Models Everywhere

You will see the term “model” used a lot when looking at JavaScript applications that deal with data. But what is a model and how do they help us architect (or structure) code to be more predictable and scaleable.

A model is a set of properties that together hold the information we need to understand a single item. An example of one of these items might be a person or an address. We could model a person by holding details of the properties: name, age and date of birth. We could model an address by holding details of the properties: street, city, country, postal code. The properties we choose will be dependent on what information our application needs.

Once we have a structure it helps us to refer to particular pieces of data. We could talk about a Person and know we are referring to an item with a name, age and a date of birth. In the same way they help us talk about the data that gets passed around our system.

A look at two types of model

Modelling is used in various forms but when dealing with web applications you will tend to see it two specific areas: data models and view models.

Data Models

Data Models here are properties for data stored in a database and tend to be retrieved from a Web API. A Person or an Address model would be an entitity model.

Our Person model properties might be:

name: string
age: number
avatarUrl: string
dateOfBirth: Date

Our Address model properties might be:

street: string
city: string
country: string
postalCode: string

You can see that there could be other pieces of information attached to either of these models, but these will be all we need to satisfy the requirements of our application.

View Models

View Models are properties which are specifically put together to provide the information in the correct format for the user interface. The properties in a View Model are often taken from various Data Models.

Contact Card

We might show a person’s details in a card which would need the following information:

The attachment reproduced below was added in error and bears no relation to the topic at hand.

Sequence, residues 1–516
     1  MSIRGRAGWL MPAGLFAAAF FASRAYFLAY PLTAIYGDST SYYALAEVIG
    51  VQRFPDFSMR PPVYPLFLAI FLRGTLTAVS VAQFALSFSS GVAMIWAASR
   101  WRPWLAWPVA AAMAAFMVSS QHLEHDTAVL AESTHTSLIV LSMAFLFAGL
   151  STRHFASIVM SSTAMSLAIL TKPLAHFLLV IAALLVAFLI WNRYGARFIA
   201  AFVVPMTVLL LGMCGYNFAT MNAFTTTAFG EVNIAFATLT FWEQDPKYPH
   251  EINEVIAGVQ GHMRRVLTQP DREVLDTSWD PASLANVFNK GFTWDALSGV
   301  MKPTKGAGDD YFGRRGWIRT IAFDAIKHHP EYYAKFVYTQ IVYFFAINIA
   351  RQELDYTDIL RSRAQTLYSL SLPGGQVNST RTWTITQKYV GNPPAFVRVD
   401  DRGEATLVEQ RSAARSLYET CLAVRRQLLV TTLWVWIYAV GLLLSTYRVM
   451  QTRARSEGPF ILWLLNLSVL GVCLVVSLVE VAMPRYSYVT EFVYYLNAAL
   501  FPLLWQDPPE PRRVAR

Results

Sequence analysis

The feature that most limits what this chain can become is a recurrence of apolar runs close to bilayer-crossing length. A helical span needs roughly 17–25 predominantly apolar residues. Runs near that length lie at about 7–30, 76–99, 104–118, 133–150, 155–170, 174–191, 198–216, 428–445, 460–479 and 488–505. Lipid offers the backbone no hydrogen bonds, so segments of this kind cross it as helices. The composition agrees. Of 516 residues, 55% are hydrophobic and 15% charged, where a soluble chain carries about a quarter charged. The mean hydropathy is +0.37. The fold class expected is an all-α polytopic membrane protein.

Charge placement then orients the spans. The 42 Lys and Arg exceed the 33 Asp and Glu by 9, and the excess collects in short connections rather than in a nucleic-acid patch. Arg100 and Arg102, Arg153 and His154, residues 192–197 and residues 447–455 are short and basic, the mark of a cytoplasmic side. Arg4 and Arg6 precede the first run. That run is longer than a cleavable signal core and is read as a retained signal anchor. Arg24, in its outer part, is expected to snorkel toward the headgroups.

personName: string
personAge: number
personAvatarUrl: string
addressCity: string
addressCountry: string

You can see here that we can build this View Model by taking properties from a Person and an Address model. This is likely where they will come from in our code. We could also build this View Model by manually setting each property to a value. This gives us ways in which we can test our user interface without having data like a person or an address coming from elsewhere.

Encouraging separation

When models are used in this way we form a loose tie between what we need to show on screen and what we are holding in the database. This is important because of a number or reasons.

It allows us to adapt to changing requirements

If we are building our View Model from data coming from a Web API we can adapt where the data comes from if the Web API needs to send us data in a different format. If the country property was renamed to countryCode then we would just need to update the code to set the addressCountry from countryCode. The contact card code wouldn’t need to change. This becomes important if the contact card has been used in many places within our application based on different Data Models.

It allows us to swap out new features based on the same underlying information

Alternatively if we wanted to test a new contact card for a few of our users to see if they found it more useful then you can base both contact cards on the same underlying View Model and the Data Models don’t have to change.

It allows us to test the pieces of our application without being dependent on the other parts being finished or even present

Having this separation allows us to create multiple contact cards with specific properties and ensure our application can handle these scenarios. Here are a few examples:

Would the user interface break if:

  • the name was longer than 50 characters?
  • the age was 1 digit instead of 2

We can create and visualise these scenarios without depending on the server to have them in a database.

Defining data requirements

Here are a few thoughts to consider when planning out these models:

  • Don’t include properties just because you might use them in the future
  • Keep models as simple as possible
  • Try and keep View Models as flat as possible. What I mean by this is instead of having: and flatten it to separate properties on the View Model like Person.addressCity and Person.addressCountry this helps prevent complex data structures which can make using these models harder to picture in your head


A model is a way of us defining the properties we need to sufficiently describe data within our applications.

Planning exactly what data is needed in the form of models is an important skill to master. Deciding effectively on what information is needed, in what format and where to place the separation will be important to maintaining a complex web application.

Models can be quite a broad concept and the more you build web applications the more you will see this practice of defining a set of properties to be used within parts of your application. Creating loosly coupled “gates” between areas of your application (like the data from a Web API and the data needed for a piece of the interface) is a powerful way of allowing web applications to scale and be adapted easily as new features are added or requirements change.


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